Note: This is part of an ongoing series on documentation development.
Policy writing can be a daunting task, and one for which many are not overly enthused. However, Policies and Procedures are an integral part of any information security program.
Not only do they provide direction and accountability, many specific policy elements are a requirement of specific laws, regulations, and/or standards. In this multipart series, I will work to help you become comfortable writing policies and their associated procedures.
Before we get started, there are a few things that are important to know.
Policy sets are different in each environment. With information security, the number of policies as well as the breadth of each policy will vary depending on the complexity of the environment as well as the sensitivity and criticality of the information.
There are other factors that will affect information security policy development as well. For example, it is common that some of the elements of an Acceptable Use Policy will already be covered in basic HR policies and employee handbooks.
It is essential that different departments work together to ensure that policies work in concert and do not contradict each other.
It is also essential to determine the audience for any given policy. For most users, the Acceptable Use Policy will determine the rules for their access.
Network Security Policies, Access Control Policies, and System Access Logging and Maintenance Policies will have IT departments as their audience.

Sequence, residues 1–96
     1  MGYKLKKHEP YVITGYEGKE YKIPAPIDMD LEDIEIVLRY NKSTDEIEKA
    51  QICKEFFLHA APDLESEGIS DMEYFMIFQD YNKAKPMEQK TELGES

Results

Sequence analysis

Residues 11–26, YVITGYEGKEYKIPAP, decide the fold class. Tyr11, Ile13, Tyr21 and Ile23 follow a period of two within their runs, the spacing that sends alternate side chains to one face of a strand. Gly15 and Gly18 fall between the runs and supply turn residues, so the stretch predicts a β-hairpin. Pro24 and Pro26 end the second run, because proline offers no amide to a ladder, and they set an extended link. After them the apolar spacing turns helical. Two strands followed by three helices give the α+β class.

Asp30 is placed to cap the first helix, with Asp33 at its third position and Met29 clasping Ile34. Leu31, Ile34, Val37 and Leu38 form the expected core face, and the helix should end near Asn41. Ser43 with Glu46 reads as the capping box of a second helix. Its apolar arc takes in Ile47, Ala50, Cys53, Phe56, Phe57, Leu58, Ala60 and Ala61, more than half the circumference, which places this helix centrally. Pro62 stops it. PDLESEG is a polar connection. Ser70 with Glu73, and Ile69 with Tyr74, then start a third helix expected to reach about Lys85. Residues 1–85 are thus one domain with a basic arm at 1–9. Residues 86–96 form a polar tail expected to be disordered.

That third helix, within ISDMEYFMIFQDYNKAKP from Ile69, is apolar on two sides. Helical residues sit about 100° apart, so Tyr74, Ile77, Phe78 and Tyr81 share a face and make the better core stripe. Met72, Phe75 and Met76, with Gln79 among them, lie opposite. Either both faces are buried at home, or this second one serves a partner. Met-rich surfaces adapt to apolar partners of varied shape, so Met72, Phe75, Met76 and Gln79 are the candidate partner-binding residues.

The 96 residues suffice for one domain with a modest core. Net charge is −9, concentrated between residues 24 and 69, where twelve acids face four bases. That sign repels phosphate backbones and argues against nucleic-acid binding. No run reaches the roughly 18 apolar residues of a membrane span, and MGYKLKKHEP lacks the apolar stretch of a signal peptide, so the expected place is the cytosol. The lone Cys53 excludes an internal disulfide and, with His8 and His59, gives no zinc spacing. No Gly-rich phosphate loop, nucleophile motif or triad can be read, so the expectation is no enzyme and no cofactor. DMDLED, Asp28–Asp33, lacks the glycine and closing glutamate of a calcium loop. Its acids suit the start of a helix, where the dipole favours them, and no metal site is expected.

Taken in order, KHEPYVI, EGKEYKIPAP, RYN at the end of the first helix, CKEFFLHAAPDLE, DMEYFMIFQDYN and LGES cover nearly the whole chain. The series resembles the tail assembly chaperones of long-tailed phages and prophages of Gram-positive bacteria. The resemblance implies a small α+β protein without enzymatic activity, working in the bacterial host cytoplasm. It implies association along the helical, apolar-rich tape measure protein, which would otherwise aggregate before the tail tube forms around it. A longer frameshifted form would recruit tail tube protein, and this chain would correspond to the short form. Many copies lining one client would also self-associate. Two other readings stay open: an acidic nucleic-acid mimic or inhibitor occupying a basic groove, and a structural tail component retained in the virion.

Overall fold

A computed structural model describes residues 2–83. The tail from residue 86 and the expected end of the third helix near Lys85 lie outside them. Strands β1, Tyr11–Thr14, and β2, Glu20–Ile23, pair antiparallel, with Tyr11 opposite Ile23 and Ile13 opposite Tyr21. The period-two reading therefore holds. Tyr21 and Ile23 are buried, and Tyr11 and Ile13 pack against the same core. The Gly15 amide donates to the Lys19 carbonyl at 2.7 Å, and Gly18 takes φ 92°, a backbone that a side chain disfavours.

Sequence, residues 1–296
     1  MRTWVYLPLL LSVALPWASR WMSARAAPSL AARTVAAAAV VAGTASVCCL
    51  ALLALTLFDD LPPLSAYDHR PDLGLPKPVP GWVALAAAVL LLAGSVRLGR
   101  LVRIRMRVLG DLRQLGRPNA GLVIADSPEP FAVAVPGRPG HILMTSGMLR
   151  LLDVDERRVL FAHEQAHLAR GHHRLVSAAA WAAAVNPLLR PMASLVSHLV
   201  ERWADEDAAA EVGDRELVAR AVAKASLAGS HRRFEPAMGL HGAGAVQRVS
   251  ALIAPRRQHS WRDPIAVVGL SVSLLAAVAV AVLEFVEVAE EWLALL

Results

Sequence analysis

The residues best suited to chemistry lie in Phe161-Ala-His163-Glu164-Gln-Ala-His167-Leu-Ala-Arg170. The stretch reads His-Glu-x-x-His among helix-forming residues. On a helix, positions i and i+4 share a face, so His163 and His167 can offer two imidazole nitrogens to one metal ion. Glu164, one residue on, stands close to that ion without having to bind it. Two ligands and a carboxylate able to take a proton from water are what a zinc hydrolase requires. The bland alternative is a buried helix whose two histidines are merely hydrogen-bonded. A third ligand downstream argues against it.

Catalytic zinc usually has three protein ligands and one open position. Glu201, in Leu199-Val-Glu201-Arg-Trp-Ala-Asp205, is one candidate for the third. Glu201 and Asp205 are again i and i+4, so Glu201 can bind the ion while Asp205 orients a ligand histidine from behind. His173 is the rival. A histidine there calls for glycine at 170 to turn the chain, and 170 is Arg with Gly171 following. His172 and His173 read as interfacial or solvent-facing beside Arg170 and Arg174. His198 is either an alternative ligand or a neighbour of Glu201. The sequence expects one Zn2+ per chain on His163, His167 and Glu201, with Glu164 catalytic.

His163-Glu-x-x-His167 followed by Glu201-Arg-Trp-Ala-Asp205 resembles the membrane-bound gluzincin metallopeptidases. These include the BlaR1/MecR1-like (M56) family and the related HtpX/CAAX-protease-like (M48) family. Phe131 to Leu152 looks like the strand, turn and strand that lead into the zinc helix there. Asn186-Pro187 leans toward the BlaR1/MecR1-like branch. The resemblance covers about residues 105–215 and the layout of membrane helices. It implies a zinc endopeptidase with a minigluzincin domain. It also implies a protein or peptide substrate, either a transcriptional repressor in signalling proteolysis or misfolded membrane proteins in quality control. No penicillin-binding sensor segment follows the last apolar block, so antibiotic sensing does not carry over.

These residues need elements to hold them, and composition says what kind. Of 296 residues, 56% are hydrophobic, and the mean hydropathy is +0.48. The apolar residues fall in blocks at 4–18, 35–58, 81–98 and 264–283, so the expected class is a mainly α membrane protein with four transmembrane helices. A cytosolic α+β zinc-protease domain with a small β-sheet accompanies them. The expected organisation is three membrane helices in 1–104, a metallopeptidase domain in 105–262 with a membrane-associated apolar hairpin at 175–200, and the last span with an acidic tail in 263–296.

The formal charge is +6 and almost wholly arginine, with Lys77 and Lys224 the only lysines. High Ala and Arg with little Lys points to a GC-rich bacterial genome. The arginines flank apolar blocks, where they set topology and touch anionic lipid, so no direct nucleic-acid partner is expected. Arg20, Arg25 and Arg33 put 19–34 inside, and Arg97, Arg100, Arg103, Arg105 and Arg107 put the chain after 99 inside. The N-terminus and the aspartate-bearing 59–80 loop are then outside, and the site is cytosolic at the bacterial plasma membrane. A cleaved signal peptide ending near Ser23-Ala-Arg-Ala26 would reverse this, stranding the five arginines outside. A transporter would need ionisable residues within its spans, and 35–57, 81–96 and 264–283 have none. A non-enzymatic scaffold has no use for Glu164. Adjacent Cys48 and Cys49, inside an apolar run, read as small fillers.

It is also important to note that certain policies may be confidential according to an asset classification program. A Network Security Policy delineating requirements for protections such as connection restrictions or intrusion protection and detection may be valuable for an attacker.
It is vital to consider business need to know when distributing policies.
The Differences Between Policies, Procedures, and Standards
It is important to understand the differences between a policy, procedure, and standard, and the functions of each.
Policies delineate the laws for an organization. Procedures and standards describe how to implement policies. A simple analogy is that of a red light. The policy, or law, requires that drivers come to a complete stop at any and all red lights.
The procedure, however, will describe how to operate the brake, operate the clutch, etc. The standard would describe what types of brakes and tires are appropriate.
An exception process would describe the circumstances under which the policy may be violated--in this example, an emergency vehicle.
In the next part of this series, we will discuss how to determine which policies are necessary for your environment.
Cross-posted from the SecureState Blog